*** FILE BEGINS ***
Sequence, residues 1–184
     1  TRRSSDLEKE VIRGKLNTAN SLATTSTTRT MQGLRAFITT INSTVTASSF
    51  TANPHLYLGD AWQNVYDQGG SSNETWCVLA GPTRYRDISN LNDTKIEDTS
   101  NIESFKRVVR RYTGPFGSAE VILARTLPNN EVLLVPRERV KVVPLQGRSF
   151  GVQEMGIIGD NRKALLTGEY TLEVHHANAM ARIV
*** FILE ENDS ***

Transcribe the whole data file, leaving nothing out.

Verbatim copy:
Sequence, residues 1–184
     1  TRRSSDLEKE VIRGKLNTAN SLATTSTTRT MQGLRAFITT INSTVTASSF
    51  TANPHLYLGD AWQNVYDQGG SSNETWCVLA GPTRYRDISN LNDTKIEDTS
   101  NIESFKRVVR RYTGPFGSAE VILARTLPNN EVLLVPRERV KVVPLQGRSF
   151  GVQEMGIIGD NRKALLTGEY TLEVHHANAM ARIV